this is a common phrase used here in geneva among the filipino community. it means "walang papel" or succinctly, "no paper." many filipino migrant workers here are undocumented or do not have residence permits. from the rough 5,000 in geneva, maybe 70 percent are undocumented.
they live in fear from the men in uniforms that routinely check bus passes. they fear the winter raids. most of all, they fear the denouncement of their fellow countrymen. because of this, kababayans (compatriots) often ignore the other which is contrary to filipino inherent values. so many instances have happened that a filipino was "raided" because of some petty argument that arose. anger subsumed the other and the reasons why both of them worked and cleaned toilets didn't matter anymore. a trampled ego or unbridled pride was enough to wreak havoc and make the other lose his/her job plunging his/her family into more poverty. it was poverty that sent them out in the first place. but all is forgotten when anger is there.
it makes my heart cry to hear of these stories. traveling from country to country, seeing the plight of my countrymen, it has been a privilege to share in their lives. i am also an OFW (overseas filipino worker). but my life is arguably better than most.
one of my friends now, who i used to go hiking with in the lush mountains of our alma mater is cleaning houses and scrubbing toilets in a country that once colonized us for almost 400 years. it is still a decent living. but poverty has driven my countrymen out of our homeland. when will this diaspora end?
the philippines blessed with 7,101 islands have made some lives unlivable for some. a golden age ended with the power hungry politicians so eager to fill their pockets with government money.
so many filipinos seeking greener pastures are willing to give up the prestige of a degree to clean houses in a far away land. they risk being deported from switzerland to put food on the table for their families back home.
never had i seen such determination. not even when i was in the states, where the undocumented lived in relative comfort.
when i first left my country in 1990, i left that picture of poverty, the tenement style BLISS housing project that Imelda Marcos had constructed. i left some playmates whose joy was to fiddle with the passenger jeep parked in the then brown earth. i left the insult of my tattered clothes. i left the public school whose teachers made students come over their houses to do extra credit work to check school papers.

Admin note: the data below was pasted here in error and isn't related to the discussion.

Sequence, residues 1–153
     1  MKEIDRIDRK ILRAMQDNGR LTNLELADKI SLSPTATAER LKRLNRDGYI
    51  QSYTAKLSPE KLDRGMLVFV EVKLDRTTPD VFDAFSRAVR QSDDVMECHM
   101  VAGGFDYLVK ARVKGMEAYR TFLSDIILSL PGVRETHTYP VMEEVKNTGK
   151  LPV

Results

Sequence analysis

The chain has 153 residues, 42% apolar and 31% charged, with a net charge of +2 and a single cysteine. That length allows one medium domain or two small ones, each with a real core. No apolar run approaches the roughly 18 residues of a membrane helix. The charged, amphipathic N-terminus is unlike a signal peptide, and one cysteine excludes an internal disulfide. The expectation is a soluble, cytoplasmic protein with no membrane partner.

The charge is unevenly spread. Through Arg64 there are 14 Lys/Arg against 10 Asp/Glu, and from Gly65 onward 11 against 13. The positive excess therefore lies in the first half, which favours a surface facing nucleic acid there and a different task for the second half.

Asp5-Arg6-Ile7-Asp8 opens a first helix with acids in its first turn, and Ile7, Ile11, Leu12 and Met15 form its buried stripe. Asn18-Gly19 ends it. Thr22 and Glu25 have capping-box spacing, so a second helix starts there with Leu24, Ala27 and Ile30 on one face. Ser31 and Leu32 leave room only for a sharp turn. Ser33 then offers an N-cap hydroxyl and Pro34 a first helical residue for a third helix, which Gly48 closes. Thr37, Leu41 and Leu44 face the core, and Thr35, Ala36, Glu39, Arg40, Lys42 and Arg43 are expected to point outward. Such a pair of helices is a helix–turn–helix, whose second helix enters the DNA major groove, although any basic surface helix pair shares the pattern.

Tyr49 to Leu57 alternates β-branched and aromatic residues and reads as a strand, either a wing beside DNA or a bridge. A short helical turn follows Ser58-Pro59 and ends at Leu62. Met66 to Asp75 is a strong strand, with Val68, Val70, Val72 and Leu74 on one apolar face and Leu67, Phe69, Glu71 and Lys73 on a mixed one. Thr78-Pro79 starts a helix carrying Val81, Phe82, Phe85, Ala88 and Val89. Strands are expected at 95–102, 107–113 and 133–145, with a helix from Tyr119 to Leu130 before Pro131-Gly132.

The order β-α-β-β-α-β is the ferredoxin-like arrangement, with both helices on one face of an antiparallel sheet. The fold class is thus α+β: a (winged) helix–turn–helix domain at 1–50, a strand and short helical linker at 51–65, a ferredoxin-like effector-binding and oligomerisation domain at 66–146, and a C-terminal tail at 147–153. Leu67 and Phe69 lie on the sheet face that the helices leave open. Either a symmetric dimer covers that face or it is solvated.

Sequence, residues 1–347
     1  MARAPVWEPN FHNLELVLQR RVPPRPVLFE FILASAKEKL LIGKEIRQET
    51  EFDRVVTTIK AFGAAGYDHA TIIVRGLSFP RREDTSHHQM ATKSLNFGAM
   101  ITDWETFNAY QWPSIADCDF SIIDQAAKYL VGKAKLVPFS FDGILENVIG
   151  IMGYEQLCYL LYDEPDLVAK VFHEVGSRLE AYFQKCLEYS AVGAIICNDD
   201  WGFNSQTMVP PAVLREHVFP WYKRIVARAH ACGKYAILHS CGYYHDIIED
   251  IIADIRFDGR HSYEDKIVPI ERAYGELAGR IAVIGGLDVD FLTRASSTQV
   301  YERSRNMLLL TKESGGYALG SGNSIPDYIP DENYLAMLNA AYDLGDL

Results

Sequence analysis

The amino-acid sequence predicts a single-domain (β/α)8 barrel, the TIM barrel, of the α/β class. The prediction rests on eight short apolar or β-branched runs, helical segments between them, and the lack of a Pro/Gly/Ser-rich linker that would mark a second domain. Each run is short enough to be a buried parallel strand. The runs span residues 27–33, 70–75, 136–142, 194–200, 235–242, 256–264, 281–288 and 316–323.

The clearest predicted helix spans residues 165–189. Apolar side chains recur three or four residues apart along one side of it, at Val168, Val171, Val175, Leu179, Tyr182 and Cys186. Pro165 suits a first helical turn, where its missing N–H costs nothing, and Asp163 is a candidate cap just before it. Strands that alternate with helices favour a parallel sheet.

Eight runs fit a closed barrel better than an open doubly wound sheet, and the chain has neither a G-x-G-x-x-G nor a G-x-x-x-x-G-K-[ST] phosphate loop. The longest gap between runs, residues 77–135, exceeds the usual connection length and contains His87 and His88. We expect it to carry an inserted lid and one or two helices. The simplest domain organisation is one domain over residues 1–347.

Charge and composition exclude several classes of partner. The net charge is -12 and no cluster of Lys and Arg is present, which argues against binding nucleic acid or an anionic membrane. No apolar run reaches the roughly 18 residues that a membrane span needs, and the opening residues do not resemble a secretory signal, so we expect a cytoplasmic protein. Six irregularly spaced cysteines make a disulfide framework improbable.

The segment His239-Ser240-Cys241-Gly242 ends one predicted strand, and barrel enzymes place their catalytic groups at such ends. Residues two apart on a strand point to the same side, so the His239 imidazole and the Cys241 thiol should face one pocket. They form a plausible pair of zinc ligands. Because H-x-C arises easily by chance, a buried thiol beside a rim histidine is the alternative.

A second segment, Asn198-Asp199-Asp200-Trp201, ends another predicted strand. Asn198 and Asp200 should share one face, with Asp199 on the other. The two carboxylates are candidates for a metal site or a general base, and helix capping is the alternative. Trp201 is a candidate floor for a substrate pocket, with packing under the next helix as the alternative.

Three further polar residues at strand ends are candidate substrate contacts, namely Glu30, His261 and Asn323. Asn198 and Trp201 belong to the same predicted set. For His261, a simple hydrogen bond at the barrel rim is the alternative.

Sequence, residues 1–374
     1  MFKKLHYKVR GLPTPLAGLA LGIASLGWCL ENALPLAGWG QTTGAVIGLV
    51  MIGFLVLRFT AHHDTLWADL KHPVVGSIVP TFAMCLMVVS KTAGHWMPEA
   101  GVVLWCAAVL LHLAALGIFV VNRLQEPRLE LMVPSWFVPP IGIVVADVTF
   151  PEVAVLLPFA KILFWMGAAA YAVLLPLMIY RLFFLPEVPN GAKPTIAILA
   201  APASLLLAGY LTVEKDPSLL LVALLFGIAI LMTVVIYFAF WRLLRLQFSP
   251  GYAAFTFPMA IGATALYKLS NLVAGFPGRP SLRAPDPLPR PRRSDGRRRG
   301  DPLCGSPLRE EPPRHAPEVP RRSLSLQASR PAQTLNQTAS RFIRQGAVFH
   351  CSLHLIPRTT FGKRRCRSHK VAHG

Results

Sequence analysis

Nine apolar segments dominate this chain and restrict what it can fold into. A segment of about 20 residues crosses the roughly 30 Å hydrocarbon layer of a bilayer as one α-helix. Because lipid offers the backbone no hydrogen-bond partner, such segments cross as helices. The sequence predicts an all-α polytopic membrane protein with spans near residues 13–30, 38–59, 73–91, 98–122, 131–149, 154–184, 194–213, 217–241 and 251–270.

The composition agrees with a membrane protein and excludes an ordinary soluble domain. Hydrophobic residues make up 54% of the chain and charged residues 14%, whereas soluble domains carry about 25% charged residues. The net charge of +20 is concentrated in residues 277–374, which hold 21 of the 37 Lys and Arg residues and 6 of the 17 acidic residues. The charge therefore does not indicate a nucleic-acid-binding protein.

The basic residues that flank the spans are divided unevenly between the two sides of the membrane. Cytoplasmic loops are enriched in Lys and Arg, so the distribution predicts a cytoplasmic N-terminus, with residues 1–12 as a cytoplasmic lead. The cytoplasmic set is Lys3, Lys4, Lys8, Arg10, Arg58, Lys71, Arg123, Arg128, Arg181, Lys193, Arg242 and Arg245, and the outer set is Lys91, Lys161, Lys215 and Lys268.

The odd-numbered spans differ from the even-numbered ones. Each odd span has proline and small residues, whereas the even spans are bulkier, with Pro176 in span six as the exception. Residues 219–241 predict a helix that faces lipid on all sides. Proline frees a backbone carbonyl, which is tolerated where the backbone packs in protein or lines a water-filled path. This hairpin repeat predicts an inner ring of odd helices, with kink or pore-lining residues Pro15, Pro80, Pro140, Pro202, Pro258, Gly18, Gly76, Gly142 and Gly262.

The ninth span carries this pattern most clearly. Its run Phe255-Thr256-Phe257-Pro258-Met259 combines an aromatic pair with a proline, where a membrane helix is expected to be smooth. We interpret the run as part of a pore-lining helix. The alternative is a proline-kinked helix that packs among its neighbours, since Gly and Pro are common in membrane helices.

i saw what the american dream was. blessed filipinos who had gotten out during marcos' time or even earlier and when doctors and nurses were in demand, had resurrected their impoverished lives from the ashes and lived in enviable comfort.
big houses with manicured lawns, swimming pools and billiard rooms, erected from the sweat of the 18-hour shifts of some toxic hospital ward. they had reaped the rewards of their labor.
some forgot what it was like to be poor and began to look down on the less fortunate often renouncing charity because they had risen from their perceived own sweat.
others still did not fail to recognize the help they got and passed on the good work by helping others in need.
it is sorrowful to see suffering of broken homes because of economic dictates. why can't we provide for our people in our country?
i sit here now in geneva and i remember the countless parties in the states of the filipino organizations. i recount the bloodied suicide attempt of a kababayan who just slashed her wrist because of a love triangle in abu dhabi. i reminisce the lashes on the back of sarah balabagan, who was punished by shari'a law for murdering her rapist/employer. i remember the blood of an abortion on our carpet. i recall the denial of fear in iraq's abundant oil-wealth as filipinos witnessed the transition of dictatorship to eventual hostage-taking.
this is all in the name of putting food on the table and making the lives of filipino families better.
statistics show that 1 out of 10 in the philippines has an OFW. that is 10 million filipinos seeking their fortunes elsewhere. it is millions of families separated, a mother and father that children never knew and came to symbolize only a source of monthly stipends to buy the latest phone. the children sometimes follow when there are legal means. others stave off homesickness and go as long as 11 years without going home to their families. the phone card business thrives because of phone calls that substitute for hugs and kisses.
walang p. can invariably equate walang pera (no money). such a sad reality but reality is never really the rose-colored fantasy we all hold dear in our hearts. we just like to hope and wish it was.